Plasma catalysis is gaining increasing interest for various gas conversion applications, such as CO2conversion into value-added chemicals and fuels, CH4activation into hydrogen, higher hydrocarbons or oxygenates, and NH3synthesis. Other applications are already more established, such as for air pollution control, e.g. volatile organic compound remediation, particulate matter and NOxremoval. In addition, plasma is also very promising for catalyst synthesis and treatment. Plasma catalysis clearly has benefits over ‘conventional’ catalysis, as outlined in the Introduction. However, a better insight into the underlying physical and chemical processes is crucial. This can be obtained by experiments applying diagnostics, studying both the chemical processes at the catalyst surface and the physicochemical mechanisms of plasma-catalyst interactions, as well as by computer modeling. The key challenge is to design cost-effective, highly active and stable catalysts tailored to the plasma environment. Therefore, insight from thermal catalysis as well as electro- and photocatalysis is crucial. All these aspects are covered in this Roadmap paper, written by specialists in their field, presenting the state-of-the-art, the current and future challenges, as well as the advances in science and technology needed to meet these challenges.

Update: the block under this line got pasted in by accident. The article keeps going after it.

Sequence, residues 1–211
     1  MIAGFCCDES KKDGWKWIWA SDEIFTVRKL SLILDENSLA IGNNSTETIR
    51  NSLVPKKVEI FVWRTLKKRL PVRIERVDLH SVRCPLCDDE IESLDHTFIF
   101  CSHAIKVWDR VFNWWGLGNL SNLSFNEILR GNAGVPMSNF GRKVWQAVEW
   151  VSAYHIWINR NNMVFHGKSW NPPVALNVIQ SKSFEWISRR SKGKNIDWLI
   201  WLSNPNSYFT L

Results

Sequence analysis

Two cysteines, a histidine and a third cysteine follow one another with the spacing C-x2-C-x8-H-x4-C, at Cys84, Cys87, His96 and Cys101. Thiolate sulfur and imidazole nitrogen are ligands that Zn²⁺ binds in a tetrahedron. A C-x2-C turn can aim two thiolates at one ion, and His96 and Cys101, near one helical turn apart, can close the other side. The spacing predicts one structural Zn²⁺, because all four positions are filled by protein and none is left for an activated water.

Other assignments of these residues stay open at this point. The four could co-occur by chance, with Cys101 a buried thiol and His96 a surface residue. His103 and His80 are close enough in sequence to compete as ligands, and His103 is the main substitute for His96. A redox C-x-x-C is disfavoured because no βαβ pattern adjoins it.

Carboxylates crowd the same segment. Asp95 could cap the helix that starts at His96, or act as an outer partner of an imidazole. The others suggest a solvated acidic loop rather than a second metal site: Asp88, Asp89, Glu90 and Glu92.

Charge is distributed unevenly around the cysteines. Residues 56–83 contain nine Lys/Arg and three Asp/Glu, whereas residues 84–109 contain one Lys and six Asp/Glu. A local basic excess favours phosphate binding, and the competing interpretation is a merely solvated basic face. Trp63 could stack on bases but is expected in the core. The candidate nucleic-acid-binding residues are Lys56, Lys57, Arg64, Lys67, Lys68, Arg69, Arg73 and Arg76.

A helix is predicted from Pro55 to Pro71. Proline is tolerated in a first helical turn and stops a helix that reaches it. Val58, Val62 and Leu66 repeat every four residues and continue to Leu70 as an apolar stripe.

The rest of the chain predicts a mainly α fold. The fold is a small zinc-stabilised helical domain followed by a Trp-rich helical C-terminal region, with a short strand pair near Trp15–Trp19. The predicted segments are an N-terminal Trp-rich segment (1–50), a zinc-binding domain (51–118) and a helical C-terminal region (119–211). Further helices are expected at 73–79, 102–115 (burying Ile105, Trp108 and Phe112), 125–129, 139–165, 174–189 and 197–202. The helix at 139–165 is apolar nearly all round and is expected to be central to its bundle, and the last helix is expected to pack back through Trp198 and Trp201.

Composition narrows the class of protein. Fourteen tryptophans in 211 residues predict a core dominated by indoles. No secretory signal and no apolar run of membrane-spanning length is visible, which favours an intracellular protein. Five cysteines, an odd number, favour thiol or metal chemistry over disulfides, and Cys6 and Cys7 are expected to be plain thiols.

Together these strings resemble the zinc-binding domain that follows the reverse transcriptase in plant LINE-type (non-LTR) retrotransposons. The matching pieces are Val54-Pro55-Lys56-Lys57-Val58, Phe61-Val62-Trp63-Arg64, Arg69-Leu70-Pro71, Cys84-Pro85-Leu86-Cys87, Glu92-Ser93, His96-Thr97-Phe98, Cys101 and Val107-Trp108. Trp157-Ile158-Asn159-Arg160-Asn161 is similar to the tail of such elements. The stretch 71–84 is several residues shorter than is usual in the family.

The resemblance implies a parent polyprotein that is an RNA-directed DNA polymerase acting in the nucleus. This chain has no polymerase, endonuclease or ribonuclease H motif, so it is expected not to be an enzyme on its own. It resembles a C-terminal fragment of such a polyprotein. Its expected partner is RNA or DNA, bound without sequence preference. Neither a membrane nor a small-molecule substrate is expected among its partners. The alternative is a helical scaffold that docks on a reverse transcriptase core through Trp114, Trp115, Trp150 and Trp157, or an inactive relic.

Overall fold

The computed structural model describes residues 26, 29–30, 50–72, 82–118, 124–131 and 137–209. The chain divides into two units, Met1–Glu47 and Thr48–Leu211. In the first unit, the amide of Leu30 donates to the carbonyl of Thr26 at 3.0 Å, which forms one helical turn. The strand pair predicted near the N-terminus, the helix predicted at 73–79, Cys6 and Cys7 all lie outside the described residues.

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- Journal of Physics D: Applied Physics
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- Article No. 443001
- IOP Publishing
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- National Science Foundation
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